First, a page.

If you’ve ever ordered pet food online, browsed websites selling animal gear, or have researched the best and most keenly priced flea and worming treatment methods available for your pets, then it probably hasn’t escaped your notice that you can also buy a wide range of pet medications and supplements online too.
The cost of keeping a pet of any kind is expensive, and if your pet requires veterinary treatment or an ongoing course of medication, the fees can rise significantly.
An increasing number of pet owners find themselves turning to the internet in order to try and reduce the costs of providing essential medications and supplements for their pets, and done carefully, this can indeed be a viable option to save you money on the ongoing cost of preventative care and prescription medications. But buying online is not without its risks, and there are a few rogue sites, unscrupulous traders and potential pitfalls to look out for when buying supplements or medications from a source other than directly via your vet.
If you’re trying to work out if buying online is a good idea and how to avoid falling into any traps along the way, read on for our advice on how to de-mystify the process of buying pet medications online.
One of the most obvious ways to save money on the ongoing costs of preventative healthcare, are to buy supplemental treatments such as wormers and flea treatments directly from the internet. Products such as Frontline, Drontal and other pet care staples that can also be purchased directly from your veterinary surgery are usually significantly cheaper online, and can mean a big saving for pet owners. Some products such as Advocate and Advantix flea and tick treatments are not, at time of writing, available to buy online without a prescription, so if your vet dictates that these products are the best choice for your pet, you may not have the option of ordering directly without a prescription.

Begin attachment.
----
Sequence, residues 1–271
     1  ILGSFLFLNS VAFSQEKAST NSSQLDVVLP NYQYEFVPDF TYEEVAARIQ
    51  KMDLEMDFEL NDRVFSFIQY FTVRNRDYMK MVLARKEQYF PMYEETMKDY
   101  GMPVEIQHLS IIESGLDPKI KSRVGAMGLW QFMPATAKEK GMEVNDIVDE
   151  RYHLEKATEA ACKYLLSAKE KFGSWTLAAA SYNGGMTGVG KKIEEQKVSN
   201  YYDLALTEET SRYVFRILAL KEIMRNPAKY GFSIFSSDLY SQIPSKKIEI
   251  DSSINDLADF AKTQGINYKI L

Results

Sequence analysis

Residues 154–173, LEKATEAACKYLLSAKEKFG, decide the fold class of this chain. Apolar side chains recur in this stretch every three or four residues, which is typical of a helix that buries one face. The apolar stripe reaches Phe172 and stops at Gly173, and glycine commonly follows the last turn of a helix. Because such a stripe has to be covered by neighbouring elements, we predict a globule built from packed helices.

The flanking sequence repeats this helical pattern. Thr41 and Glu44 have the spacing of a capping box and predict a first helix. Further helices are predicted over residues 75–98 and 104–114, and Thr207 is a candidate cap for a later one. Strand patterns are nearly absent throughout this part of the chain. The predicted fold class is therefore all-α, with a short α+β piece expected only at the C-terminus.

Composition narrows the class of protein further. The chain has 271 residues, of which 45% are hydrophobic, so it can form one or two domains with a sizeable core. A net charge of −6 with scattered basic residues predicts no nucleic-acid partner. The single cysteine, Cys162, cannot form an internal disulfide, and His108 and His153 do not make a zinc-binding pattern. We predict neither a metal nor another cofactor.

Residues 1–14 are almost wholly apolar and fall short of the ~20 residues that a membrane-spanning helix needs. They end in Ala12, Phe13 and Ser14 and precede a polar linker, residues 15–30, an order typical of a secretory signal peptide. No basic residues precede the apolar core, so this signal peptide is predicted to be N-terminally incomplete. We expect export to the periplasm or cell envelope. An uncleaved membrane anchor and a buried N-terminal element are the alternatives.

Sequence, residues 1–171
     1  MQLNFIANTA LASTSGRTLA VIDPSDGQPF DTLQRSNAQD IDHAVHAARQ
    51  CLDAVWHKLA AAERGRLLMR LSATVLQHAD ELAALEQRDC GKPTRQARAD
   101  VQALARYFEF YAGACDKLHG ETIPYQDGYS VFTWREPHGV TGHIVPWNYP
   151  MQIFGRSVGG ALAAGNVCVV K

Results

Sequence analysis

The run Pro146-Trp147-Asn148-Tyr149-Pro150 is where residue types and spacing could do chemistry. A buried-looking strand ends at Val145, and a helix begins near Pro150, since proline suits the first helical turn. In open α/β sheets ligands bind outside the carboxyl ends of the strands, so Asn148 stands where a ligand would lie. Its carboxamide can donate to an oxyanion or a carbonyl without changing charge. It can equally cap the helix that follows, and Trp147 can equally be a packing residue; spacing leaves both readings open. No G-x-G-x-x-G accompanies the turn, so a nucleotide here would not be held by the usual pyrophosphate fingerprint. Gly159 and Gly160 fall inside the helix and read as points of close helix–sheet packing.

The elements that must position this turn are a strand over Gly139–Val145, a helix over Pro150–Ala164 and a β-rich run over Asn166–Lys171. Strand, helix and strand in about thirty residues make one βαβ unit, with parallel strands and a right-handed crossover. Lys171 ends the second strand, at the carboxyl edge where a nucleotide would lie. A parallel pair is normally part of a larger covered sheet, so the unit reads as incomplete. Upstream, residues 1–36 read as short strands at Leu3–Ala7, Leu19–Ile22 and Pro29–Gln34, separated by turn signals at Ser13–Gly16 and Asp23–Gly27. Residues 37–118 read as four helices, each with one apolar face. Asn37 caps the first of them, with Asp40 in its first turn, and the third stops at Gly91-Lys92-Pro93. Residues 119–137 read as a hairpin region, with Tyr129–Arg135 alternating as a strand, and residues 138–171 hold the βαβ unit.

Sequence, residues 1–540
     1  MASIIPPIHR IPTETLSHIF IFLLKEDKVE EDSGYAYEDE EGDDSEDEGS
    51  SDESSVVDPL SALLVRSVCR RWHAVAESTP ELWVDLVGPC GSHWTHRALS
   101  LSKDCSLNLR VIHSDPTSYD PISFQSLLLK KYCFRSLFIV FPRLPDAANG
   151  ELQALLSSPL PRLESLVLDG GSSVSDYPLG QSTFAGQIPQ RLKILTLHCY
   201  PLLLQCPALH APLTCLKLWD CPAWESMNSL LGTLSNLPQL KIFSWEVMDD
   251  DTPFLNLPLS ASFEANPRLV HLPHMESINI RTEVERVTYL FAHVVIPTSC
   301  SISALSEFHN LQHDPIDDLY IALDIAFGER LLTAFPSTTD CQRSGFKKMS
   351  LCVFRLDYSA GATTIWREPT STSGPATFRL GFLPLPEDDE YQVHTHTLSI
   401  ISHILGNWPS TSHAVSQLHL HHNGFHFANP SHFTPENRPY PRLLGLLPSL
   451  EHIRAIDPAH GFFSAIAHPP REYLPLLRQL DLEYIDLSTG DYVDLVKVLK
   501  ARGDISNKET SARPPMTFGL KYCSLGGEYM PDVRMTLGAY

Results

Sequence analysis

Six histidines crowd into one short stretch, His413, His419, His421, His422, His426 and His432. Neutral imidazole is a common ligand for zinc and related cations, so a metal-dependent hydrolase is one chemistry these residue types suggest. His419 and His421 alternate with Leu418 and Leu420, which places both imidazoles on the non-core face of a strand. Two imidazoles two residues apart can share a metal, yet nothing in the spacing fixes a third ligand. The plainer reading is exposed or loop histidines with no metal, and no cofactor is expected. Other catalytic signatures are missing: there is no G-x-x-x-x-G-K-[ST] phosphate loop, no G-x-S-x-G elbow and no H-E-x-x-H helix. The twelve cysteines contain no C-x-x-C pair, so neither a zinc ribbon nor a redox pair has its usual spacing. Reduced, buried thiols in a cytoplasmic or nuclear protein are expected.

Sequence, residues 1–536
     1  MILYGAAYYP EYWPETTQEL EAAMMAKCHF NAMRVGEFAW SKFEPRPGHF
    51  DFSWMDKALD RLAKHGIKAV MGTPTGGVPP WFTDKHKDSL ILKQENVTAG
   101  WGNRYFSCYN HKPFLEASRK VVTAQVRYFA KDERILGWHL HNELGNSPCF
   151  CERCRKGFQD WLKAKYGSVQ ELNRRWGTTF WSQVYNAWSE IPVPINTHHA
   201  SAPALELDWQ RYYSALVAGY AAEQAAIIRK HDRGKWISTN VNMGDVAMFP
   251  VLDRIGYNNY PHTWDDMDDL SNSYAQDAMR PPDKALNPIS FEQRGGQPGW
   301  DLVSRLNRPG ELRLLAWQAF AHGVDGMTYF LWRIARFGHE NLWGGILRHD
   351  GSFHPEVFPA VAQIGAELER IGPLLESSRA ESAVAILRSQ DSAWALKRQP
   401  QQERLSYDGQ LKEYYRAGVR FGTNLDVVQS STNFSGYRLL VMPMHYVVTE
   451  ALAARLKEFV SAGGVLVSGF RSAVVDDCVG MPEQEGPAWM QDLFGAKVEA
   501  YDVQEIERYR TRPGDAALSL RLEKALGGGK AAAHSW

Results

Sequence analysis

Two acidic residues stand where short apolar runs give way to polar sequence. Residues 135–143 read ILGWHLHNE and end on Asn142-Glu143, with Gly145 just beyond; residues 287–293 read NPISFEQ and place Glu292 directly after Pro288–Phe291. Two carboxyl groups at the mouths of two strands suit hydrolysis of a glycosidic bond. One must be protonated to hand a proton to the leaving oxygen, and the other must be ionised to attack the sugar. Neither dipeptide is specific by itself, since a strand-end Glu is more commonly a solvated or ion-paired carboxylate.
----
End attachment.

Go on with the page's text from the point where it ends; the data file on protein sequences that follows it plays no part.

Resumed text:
Any product that your pet is prescribed by your vet that is denoted on the packaging as ‘POM’ (prescription-only medicine) or ‘POM-V’ (prescription-only medicine-Veterinary) requires a prescription to be issued by your vet before you will be permitted to buy them on the internet.
This does not mean that you will be unable to order these products online, but it does mean that you will need to explain to your vet that you wish to do this and ask them to issue you with a prescription that you will need to provide to the company that supplies you. Under new regulations, veterinary surgeons are obliged to provide a prescription to allow pet owners to order products independently and source the medications that their pet needs themselves, so your vet should not insist that you buy only from them or deny you a prescription to be able to do this. However, the vast majority of veterinary surgeries charge a fee for providing a prescription to be used elsewhere, usually costing anything from £5- £12. Bear this in mind when pricing up the cost of ordering medications online, as it may mean that any saving you will make is negligible, or in the case of cheaper medications, even possibly more costly when you factor in the charge for the prescription itself!
If you’re considering feeding your pet a supplement or want to buy anything else that could have a direct or indirect on their health and wellbeing- even for the better- it’s important to talk to your vet about this and get their thoughts before buying. Even products that don’t need a prescription, such as herbal supplements, may affect the health of your pet or possibly interact with other medications.